Topics for M&B’s NTU talk, October 1, 2022

7 Commonly Held Misconceptions About Sales

1. “If you make a better mousetrap, they will beat a path to your door.”

  • The end user is the “they” – or it could be the distributor, or retailer
  • The 7 Sales** (foundational)

2. “My Product is so Good, it will sell itself!”

  • Cornell Business master’s student business plan: “My product will be sold at retail.”
  • Distribution is generally more important than the product
    • You may have an excellent product, but if it’s not properly distributed then it will never get to the marketplace

3. “Sales just took off!”

  • Just tell me the ONE thing? (cute logo, cute catchphrase, award-winning)

4. “Cutting sales costs will increase profits!”

  • The 2-Division Company** (you are either in Sales or Sale Support)
  • The customer can only give you 2 things: Money and Feedback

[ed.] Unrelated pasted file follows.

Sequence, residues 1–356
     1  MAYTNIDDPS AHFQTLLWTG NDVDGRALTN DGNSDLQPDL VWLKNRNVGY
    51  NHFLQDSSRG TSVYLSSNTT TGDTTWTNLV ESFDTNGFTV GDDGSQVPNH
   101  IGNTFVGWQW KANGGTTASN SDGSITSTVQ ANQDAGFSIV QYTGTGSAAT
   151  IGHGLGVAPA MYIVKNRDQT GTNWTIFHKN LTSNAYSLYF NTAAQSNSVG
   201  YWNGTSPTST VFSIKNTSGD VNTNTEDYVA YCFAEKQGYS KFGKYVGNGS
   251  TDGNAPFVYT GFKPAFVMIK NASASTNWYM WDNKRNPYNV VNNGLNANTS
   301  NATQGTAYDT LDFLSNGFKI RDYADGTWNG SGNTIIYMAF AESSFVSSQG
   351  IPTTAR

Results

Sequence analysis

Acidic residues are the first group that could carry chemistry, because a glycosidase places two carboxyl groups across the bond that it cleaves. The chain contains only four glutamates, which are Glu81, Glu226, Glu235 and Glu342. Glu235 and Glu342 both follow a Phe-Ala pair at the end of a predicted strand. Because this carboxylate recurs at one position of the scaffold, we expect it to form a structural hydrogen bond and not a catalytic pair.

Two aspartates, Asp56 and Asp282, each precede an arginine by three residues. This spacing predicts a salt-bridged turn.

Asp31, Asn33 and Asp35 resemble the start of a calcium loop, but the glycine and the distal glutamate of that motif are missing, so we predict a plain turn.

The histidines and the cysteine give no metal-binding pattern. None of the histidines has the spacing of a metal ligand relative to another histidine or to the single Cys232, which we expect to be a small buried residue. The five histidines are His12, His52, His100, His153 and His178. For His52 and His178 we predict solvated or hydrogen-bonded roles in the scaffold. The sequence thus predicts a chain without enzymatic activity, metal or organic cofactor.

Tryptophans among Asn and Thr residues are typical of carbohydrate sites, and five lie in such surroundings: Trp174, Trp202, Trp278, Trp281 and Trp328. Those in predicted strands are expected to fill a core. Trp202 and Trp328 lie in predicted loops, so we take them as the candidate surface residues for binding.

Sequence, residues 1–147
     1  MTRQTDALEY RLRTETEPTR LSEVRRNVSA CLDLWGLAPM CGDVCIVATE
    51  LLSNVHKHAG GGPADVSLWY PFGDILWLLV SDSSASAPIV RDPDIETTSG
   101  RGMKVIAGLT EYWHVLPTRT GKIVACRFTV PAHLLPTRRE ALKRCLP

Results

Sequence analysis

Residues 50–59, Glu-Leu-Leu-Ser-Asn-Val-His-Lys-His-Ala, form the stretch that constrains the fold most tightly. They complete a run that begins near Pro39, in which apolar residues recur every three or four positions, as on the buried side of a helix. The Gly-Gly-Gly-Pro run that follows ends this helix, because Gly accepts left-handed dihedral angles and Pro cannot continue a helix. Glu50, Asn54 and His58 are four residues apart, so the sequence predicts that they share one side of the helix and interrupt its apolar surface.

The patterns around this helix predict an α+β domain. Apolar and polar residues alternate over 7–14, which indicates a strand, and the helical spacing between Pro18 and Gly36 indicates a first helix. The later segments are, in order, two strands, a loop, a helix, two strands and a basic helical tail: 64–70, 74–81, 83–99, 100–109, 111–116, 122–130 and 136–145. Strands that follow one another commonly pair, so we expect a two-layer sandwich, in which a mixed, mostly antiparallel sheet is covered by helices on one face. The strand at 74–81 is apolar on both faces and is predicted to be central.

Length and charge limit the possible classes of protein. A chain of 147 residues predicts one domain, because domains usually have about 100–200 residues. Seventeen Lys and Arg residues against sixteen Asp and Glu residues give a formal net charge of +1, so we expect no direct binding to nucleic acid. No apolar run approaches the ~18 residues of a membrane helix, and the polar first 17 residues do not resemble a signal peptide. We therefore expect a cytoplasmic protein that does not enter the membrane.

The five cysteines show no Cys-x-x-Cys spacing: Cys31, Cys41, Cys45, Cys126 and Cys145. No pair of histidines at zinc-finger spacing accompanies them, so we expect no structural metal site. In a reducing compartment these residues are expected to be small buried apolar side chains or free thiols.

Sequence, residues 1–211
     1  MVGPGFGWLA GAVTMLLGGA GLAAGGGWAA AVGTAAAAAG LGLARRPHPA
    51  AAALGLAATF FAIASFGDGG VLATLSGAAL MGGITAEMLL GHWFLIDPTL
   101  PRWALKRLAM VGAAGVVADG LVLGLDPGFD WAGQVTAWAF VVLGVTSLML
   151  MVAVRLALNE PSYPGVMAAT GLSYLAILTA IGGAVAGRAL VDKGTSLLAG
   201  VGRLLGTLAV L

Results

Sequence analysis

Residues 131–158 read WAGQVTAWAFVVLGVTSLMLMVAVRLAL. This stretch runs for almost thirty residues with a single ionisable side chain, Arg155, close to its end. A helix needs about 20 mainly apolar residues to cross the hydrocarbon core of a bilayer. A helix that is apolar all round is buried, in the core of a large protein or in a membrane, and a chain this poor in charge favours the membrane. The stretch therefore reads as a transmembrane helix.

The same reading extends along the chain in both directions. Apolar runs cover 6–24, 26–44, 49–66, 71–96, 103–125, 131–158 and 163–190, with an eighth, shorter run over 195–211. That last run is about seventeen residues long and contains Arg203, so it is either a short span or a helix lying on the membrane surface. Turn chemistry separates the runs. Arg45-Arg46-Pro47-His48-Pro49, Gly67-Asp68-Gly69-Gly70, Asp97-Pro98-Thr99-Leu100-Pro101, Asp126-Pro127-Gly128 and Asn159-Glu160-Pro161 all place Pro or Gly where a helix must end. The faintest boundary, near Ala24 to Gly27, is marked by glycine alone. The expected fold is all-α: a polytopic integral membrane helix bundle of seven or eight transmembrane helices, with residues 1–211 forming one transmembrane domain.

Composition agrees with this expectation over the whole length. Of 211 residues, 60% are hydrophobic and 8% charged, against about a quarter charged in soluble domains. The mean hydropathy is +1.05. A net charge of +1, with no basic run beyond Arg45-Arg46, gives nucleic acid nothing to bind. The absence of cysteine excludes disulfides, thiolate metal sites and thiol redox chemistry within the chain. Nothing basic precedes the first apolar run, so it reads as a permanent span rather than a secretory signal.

5. “In the name of efficiency, why don’t we just do it this way!”

  • Middle managers are generally isolated and insulated from the field (marketplace)
  • The person who knows “why we should not just do it that way” is the salesperson

6. “The economy doesn’t affect me; I’m in a B2B business.”

  • B2B2B2C! (the “C” is the Client, Customer, or Consumer. The end-user.)
  • If the “C” stops buying, its only a matter of time before the “B” stops buying

7. “The person I’m talking to is the decision maker”

  • They can say no; they can’t say yes
  • What they really want may be attention
  • Job security may be more important to them than their company’s success

6 Commonly Held Misconceptions About Management